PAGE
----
A full-length portrait of President Ellen Johnson Sirleaf has been unveiled by authorities of the Kennedy School of Government at Harvard University in Cambridge Massachusetts, United States of America.
According to a dispatch from Cambridge, the full-length portrait is an amazing likeness of the Liberian President. It shows her dressed in her favorite color, green, draped in a beautiful green and gold sash and matching skirt made from cloth woven in Liberia, and her signature head-tie, also green, with a gold-jeweled brooch. The attire is accented by her signature single row of pearls and a pin of the Liberian flag, the Lone Star.
The unveiling of the Liberian leader’s portrait was part of the campaign launch for the Harvard Kennedy School, known as IDEASpHERE. President Sirleaf is a distinguished alumna of the School’s Edward S. Mason Fellows Program (MC/MPA 1971). The portrait was unveiled at a ceremony on Thursday, May 15.
The portrait which was painted by Artist Stephen Coit, himself an alumnus of Harvard, is to hang in Library of Kennedy School as an inspiration to future generations of Kennedy School students, authority said.
The unveiling took place at a private reception in honor of President Sirleaf, hosted by the Women and Public Policy Program (WAPPP), one of Harvard Kennedy School’s Research Centers.
The dispatch says that as President Sirleaf arrived at the Malkin Penthouse, in the Littauer Center Harvard Kennedy School, adoring supporters, mostly women, surrounded her to wish her well and thank her for all that she has achieved in her career and life. Everyone sought a photo with HKS’s most illustrious alumna.
Being astonished by what she saw, there was a loud “Wow! From the Liberian President, reacting to her amazing portrait.
She went on to say: “A big thank you. Words cannot express the honor that I feel, and through me, the honor extended to women in Liberia, women in Africa, and I daresay women in the world, for the role that we all continue to play.
I want to thank Jenny Mansbridge; she was a driving force behind this; Francine Lefrak; you, Dean Bohnet, who I’m told started the whole program of IDEASpHERE that we will all be participating in so many events.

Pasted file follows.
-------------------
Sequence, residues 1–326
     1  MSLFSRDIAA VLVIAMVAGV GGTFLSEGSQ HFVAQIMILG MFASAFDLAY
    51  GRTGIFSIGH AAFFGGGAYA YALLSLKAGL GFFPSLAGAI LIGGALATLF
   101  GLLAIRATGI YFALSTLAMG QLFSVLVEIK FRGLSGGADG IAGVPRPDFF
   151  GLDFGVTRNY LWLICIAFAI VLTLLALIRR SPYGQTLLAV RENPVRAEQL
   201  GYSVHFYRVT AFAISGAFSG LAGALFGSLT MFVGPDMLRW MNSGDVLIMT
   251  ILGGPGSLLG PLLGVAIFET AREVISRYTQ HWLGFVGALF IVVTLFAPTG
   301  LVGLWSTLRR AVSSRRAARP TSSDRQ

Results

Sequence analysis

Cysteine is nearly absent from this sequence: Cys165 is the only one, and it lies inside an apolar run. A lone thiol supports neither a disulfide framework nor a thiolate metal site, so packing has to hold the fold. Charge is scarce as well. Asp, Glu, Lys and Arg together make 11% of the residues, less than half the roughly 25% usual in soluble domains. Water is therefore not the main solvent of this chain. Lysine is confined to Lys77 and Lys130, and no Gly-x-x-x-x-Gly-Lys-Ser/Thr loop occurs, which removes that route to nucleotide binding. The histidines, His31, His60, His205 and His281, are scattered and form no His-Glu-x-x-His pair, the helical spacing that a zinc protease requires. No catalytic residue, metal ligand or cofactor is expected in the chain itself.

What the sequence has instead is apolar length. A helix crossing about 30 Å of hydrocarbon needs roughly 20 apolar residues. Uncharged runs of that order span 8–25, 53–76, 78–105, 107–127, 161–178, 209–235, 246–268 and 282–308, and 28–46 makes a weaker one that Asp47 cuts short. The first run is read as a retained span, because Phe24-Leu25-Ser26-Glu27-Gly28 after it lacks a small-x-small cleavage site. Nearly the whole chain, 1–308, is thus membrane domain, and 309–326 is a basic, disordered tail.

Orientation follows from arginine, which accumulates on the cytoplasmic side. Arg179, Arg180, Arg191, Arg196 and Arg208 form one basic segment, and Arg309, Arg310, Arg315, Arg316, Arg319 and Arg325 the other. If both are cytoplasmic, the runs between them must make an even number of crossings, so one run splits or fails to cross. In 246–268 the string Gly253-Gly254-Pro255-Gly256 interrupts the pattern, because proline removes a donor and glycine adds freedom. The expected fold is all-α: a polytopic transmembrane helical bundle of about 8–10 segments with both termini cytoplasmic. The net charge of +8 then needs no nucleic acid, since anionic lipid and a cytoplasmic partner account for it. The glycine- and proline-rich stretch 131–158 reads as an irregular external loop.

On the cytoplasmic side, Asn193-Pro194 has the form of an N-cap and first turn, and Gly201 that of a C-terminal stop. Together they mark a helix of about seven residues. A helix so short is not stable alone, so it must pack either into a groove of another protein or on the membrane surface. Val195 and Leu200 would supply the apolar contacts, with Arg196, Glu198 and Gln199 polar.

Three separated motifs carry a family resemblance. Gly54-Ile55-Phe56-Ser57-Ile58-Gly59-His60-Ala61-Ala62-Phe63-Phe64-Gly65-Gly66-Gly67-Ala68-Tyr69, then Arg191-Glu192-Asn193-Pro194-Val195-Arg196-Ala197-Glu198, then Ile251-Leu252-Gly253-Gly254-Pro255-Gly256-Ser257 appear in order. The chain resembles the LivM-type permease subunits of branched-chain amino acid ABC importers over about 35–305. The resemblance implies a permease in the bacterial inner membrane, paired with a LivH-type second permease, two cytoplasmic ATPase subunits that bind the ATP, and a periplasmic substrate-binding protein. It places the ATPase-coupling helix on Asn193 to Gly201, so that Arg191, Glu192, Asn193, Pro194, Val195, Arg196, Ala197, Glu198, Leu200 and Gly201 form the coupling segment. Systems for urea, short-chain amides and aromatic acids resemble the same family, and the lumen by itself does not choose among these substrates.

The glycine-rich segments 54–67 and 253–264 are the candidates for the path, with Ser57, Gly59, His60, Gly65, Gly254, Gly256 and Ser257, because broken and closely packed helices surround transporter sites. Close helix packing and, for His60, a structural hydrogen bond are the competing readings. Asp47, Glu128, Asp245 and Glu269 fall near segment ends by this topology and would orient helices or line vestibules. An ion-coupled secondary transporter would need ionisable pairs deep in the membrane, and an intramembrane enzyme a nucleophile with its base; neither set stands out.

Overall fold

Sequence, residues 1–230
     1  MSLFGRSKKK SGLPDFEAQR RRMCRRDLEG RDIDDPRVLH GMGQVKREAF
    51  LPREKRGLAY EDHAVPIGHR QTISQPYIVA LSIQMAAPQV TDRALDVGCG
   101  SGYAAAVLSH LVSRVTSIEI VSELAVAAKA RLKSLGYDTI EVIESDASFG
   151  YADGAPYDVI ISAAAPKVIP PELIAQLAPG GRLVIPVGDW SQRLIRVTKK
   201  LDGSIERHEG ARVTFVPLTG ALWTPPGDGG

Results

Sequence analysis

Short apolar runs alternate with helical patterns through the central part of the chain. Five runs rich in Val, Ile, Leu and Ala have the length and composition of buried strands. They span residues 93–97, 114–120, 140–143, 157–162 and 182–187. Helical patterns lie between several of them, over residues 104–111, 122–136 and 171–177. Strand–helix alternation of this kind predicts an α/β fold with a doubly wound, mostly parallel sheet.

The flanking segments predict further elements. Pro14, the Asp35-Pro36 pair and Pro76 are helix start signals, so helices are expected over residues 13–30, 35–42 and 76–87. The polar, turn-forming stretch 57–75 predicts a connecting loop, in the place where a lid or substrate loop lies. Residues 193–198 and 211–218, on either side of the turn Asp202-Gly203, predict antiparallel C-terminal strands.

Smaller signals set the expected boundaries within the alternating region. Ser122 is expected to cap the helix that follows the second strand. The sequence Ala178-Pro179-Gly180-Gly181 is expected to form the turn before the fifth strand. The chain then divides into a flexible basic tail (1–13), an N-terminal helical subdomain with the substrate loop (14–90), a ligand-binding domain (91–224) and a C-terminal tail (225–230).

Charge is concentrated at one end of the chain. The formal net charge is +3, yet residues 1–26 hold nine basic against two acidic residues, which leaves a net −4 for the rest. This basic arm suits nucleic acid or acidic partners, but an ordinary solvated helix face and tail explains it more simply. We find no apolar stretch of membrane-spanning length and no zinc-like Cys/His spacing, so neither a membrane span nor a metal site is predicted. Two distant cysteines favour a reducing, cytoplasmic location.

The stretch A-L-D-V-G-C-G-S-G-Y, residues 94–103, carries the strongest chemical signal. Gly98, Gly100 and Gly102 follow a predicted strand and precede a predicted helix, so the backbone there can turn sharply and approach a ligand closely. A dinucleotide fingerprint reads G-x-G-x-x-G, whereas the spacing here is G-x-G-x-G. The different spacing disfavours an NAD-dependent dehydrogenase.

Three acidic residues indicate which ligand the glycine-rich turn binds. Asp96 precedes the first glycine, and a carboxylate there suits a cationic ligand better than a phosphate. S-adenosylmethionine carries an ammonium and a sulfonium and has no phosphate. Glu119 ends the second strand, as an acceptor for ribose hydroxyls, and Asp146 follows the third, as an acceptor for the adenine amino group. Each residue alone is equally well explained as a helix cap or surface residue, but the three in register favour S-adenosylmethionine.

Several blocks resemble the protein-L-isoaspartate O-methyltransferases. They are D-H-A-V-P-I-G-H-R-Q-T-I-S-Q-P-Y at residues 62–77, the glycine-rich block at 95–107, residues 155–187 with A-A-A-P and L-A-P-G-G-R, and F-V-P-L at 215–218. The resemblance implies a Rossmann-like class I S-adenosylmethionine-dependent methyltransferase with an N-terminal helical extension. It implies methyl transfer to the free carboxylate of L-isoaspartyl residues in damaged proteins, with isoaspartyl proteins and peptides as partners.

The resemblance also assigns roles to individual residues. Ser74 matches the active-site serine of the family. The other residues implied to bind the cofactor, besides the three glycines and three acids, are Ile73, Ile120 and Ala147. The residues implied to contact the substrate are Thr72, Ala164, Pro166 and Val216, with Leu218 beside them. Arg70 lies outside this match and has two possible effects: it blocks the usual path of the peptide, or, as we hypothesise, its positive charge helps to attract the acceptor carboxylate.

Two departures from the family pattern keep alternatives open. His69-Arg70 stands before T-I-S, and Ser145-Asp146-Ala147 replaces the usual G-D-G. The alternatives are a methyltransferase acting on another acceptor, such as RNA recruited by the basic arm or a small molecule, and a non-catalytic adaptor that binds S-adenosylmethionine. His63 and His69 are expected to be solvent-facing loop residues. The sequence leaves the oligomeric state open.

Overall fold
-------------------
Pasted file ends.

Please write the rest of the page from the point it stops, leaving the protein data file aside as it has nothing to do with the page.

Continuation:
“I said to Stephen Coit, ‘How did you do it?’ I have to say that he sent me a note on the experience we shared when he did the painting. Am I right it’s a painting? What he captured in the note he sent me really was a story of my life’s journey, because he talked about darkness into light, humility in the midst of turmoil, perseverance, courage. Thank you.
“I’m so deeply honored to join the other three persons which you mentioned, sterling women – I need to learn more about them so that I walk properly in their footsteps. And to all of you – the Women and Public Policy Program, the Women Leadership Group – that have really supported these events.
A few of you I had the opportunity to meet before and interact with. Just being back here with you is what keeps me going; that’s the motivation and the inspiration when I can join all of you who have had such a big part to play in the success that I’ve had. And so, thank you all; it’s been a wonderful occasion. I go back home, almost walking on water. Thank you, Dean.”
Earlier, in his welcoming remarks, Dean Ellwood said the event was to honor a most remarkable graduate and its only Nobel Peace Prize winner. She was an amazing leader who took over a country with many challenges, and had done an amazing job to make things work.
With women like President Sirleaf, he believed there was hope for the world, after all. The commissioning of the portrait, he said, was also to make things right by including the portraits of more women at Harvard especially that of the Harvard Kennedy School’s most distinguished graduate.
Dr. Iris Bohnet, Academic Dean and Director of the Women and Public Policy Program, thanked the people who had made the commissioning possible: Professor Jane (Jenny) Mansbridge, Charles F. Adams Professor of Political Leadership and Democratic Values, founding faculty Chair of the WAPPP, and the leader behind President Sirleaf’s portrait,
It was in September 2012 that Dean David T. Ellwood, Dean of the Kennedy School, informed President Sirleaf that HKS wished to commission her portrait to hang in its Library as an inspiration to future generations of Kennedy School students. Upon her acceptance, the School commissioned Mr. Coit, also a Harvard alumnus, to create a full-length portrait of Liberia's and Africa’s first female President.